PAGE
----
People in recovery, medical providers, faith groups, legislators and advocates all testified Friday in favor of a bill that would make drug possession a civil violation instead of a crime.

But two top officials in the Mills administration opposed the measure even as they agreed that people with substance use disorder should be diverted from the criminal justice system.

“Do you believe what we’re doing is working?” Rep. Charlotte Warren, a Democrat from Hallowell, asked Maine Attorney General Aaron Frey.

“It is not,” he said.

“I do think that if we’re going to get to an agreement, it may take some level of compromise because of how different groups feel about this,” Frey added later.

The bill, L.D. 967, would follow a model implemented this year in Oregon. Instead of going to jail for possession, a person who has heroin or other substances on them would be required to pay a fine of up to $100 or get a health assessment, a potential first step to treatment. Selling or distributing drugs would still be illegal, but this bill could mean a dramatic change in the law for people who use them.


The Criminal Justice and Public Safety Committee held a public hearing on the bill Friday with nearly five hours of testimony and more than 45 speakers, nearly all in support. Some talked about their own experiences with substance use disorder and said going to jail cut them off from the connection they needed for their own recovery.

“I cannot tell you how frustrating it is to watch people being incarcerated for their substance use disorder,” Chantel St. Laurent of Lewiston said. “I see people get their foot in the door just to be pulled out by our justice system. They end up in this vicious cycle, never getting the treatment they desperately need and want.”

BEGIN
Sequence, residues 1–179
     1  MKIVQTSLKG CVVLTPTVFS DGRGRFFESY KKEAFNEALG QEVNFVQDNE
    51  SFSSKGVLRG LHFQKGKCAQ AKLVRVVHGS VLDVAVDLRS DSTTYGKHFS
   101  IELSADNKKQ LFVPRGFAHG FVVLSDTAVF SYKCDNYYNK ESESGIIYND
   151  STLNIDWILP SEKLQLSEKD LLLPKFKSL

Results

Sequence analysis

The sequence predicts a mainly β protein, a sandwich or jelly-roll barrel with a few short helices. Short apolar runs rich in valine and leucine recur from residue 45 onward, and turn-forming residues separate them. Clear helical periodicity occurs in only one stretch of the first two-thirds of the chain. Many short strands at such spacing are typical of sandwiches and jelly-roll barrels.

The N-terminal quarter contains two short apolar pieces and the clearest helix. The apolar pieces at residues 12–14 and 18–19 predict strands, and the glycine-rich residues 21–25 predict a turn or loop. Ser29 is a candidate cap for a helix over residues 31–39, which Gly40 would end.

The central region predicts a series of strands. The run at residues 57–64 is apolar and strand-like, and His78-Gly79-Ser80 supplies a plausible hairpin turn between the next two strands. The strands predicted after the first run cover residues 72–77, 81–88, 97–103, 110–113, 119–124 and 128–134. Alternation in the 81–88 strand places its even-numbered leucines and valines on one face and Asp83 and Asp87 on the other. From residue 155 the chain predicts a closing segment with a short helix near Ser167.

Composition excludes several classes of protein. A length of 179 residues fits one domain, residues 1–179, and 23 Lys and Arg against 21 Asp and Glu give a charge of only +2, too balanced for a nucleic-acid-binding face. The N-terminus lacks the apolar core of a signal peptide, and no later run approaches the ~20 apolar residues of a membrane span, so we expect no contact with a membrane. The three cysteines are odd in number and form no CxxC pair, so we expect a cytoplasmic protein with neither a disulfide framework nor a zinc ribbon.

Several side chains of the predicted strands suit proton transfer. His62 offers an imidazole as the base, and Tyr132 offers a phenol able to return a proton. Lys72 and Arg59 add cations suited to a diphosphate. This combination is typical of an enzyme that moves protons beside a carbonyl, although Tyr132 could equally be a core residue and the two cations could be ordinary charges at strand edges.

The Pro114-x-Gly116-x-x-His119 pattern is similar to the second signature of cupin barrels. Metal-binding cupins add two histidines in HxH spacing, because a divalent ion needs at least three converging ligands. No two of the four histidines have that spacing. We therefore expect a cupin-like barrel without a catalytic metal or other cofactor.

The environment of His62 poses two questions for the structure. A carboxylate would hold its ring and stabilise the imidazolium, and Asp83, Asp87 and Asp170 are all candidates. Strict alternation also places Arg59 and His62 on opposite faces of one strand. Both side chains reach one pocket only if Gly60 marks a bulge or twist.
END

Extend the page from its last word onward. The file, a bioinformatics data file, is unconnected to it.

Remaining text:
A half dozen medical providers said arresting people for drug possession fails to treat substance use disorder as a public health issue and creates stigma that prevents people from seeking treatment. They included representatives from the Maine Medical Association and the Northern New England Society of Addiction Medicine, as well as a registered nurse from a detox facility and doctors who provide substance use treatment.

“It’s unrealistic to think that jail time would be a deterrent,” said Dr. Nick Gallagher, an addiction medicine physician in central Maine. “It certainly is not and never has been. We cannot keep doing things because it’s how they’ve always been done, regardless of the outcomes. In medicine, we are expected to practice in an evidence-based manner. Our jobs and licenses are dependent upon that. Why do we continue to support and maintain policies that have never been shown to be beneficial to public health?”

Also among the supporters were representatives from the Maine Prisoners Advocacy Coalition, the Maine Association of Criminal Defense Attorneys, the Maine Council of Churches, the American Civil Liberties Union of Maine, the Health Equity Alliance, the Maine Recovery Advocacy Project, Community Housing of Maine, the Maine People’s Alliance and the Maine Women’s Lobby. Others were drug policy researchers, recovery house managers, and licensed alcohol and drug counselors. Several talked about the disproportionate enforcement of drug laws against people of color and poor people.

“Each time someone goes to jail for possessing a small amount of a scheduled substance, it interrupts the work they’ve been doing to connect to recovery services, case management, health services, housing and more,” said Izzy Ostrowski, the social change advocate at Preble Street, a Portland nonprofit that works with people experiencing homelessness and poverty. “This puts people in an impossible cycle of criminalization and homelessness.”